Wartime Rations – Day Twenty-Six

toadToad-in-the-Hole tonight using one of my precious eggs for the batter. My Mum made the best Toad-in-the-Hole in the world, but sadly I don’t seem to have her knack.  I followed the recipe precisely, used a hot oven and had the fat smoking before I added the batter, but although it tasted fine, it didn’t rise all light and fluffy the way my Mum’s used to. Ah well…I’ll blame it on cooking at altitude – Calgary is 3,400 feet above sea level.

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Anne shared a few of her thoughts about my experiment versus what it was really like to live under rationing.

anne2013How did you feel about rationing? Often quite hungry. I’ve written more at length already (in an earlier blog) about school meals that were often just a pile of mash and a small piece of cheddar of slice of corned beef, with maybe a milk pud to follow. From your blog, I think, you are doing rather better although my memory of points is that we got 20 a month. Potatoes and bread were there to satisfy hunger, but dull fare when there was nothing to spread on them! Later, when I was working for the Daily Record I had the benefit of their canteen for a cooked supper – not brilliant, but food.

I’ve been very fortunate in that I haven’t had any ‘shortages’ during my experiment. Yes, you have – we usually got eggs around Easter time but hardly any for the rest of the year, and then usually on ‘Blue Books only’ – children. Supplies of fresh stuff were still tied very much to the farming year.

Wartime Rations – Day Twenty-Three

One of my writing friends – Mahrie G. Reid – will be taking over my blog tomorrow to give the Canadian perspective on Wartime Rations.  Mahrie writes mysteries with a touch of romance.  Her first novel, set in Nova Scotia and titled Sheldon Harris Came Home Dead, will be available this spring.  You can follow Mahrie on her blog at: mahriegreid.blogspot.ca

hash

A very simple meal for dinner this evening: soup, corned beef hash and pear crumble. The hash was very simple and tasted better than it probably looks in this picture. Next time I make it I think I might add some onions.  And my husband insists corned beef hash isn’t corned beef hash if you don’t add a splash of hot sauce!

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Continuing with Anne’s memories of being evacuated to Kippen with my mother Mary, I asked her about some of the houses they lived in. I remember my mum telling me that they lived in the attic in one of the homes and she had to haul buckets of cold water up to the top floor to wash my brother’s nappies. What were Anne’s memories?

anne2013We stayed in a total of 4 different houses in Kippen. The first was on the main street, with a woman and her child (maybe her husband was in the Forces). I can’t remember much about the cooking facilities there, but do remember the kettle and one large pot of black iron, both 10-12″ high which were used on trivets on the living-room fire. (As I said before, we had oil lamps and battery-run radio.)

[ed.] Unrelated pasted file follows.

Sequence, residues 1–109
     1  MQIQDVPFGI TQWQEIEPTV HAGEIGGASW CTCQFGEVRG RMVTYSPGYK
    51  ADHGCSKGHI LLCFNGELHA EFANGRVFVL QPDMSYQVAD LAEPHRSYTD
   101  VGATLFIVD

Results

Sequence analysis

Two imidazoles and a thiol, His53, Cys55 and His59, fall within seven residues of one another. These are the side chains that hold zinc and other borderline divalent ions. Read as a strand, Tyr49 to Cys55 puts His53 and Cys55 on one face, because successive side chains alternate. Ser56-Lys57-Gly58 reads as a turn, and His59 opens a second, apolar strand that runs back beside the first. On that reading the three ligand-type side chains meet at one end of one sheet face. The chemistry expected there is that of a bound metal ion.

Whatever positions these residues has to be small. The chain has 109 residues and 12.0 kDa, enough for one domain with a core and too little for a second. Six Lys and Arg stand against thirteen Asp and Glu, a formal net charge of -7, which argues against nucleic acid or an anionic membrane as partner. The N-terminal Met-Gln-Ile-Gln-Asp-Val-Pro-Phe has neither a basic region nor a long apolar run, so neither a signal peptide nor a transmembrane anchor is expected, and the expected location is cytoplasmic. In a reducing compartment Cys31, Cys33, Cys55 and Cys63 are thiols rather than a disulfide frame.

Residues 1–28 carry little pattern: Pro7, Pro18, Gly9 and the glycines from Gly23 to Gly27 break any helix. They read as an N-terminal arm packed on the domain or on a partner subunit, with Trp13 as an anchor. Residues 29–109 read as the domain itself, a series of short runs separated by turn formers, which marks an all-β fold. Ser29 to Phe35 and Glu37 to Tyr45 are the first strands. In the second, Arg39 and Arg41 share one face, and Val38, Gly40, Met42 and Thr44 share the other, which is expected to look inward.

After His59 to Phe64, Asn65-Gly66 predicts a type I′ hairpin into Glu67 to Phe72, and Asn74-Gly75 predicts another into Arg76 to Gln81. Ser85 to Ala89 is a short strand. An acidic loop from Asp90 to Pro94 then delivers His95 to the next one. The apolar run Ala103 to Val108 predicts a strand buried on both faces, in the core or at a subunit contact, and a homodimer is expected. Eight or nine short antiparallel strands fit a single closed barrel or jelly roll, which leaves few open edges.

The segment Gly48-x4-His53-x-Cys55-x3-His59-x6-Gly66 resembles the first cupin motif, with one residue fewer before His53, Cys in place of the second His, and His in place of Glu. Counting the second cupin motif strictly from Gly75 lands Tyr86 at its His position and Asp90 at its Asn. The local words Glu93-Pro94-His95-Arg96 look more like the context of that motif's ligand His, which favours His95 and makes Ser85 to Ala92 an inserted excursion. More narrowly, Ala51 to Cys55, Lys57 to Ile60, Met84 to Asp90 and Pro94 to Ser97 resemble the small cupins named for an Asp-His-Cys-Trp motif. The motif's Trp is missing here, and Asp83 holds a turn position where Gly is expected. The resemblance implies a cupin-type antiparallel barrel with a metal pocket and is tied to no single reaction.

The next house was also on the main road and that was the attic one. One large attic room was already occupied by a lady of Mary’s age, called Mary T, and the two Marys were friendly.  Mary T was an amusing companion and a great mimic, the sort of person who can keep you laughing , so it was sad to learn later that she died of TB when she was 28. Mary and your brother slept in the other large room, and I had a sort of cupboard on the landing with a skylight, and a little camp bed only inches off the floor.

House no. 3 was right on the edge of the village and more than a mile from the centre in an area or sub-village called ‘Cauldhame’, so I had a very long walk to reach the bus-stop to take me to school in Balfron, and in the winter suffered from chilblains. Living there was OK because I’d made a friend of one of the village girls nearby. Her father had worked for the railway company and on retirement had bought a railway coach for their retirement home. That was interesting. But I can’t remember much about the inside of the house – maybe we weren’t there for very long, though its setting just beside a little wood with a stream was very pretty, so games like ‘Sleeping Beauty’, Robin Hood and Babes in the Wood were believable.

The last house was the most modern – a block of 4 flats in pale coloured masonry. We had the upper flat on one side, so there was a big flight of stairs behind the ‘front door’.  The occupier was a Mr T, a big, bluffly cheerful man who was the local gravedigger and presumably acted as a general groundsman when there was no-one to bury. He was kind and always in a good mood. I think Mother had him to stay a few days at Byres Road at least once – to see the Big City. We shared the living room with him, and Mary and I were in a double bed in a bedroom.  It was the most spacious of our billets.

Forget-Me-Not

I’ve been a bit quiet on the blog front recently. No excuse, really. Just distraction.

Elona Malterre talked to The Alberta Romance Writers’ Association a few weeks ago on Writing The Short Story. She’s a multi-published author and one of the founding members of The Alberta Romance Writers’ Association. One of the comments she made really stood out for me: A short story involves unity of Place, Time and Action.

I’m probably not going to be blogging much next week. I’m hosting a writing retreat at my house next weekend, so between then and now I’m going to be busy cleaning, cleaning, cleaning! Until then, here is a short story for you to read, Forget-Me-Not.

I hope you enjoy it.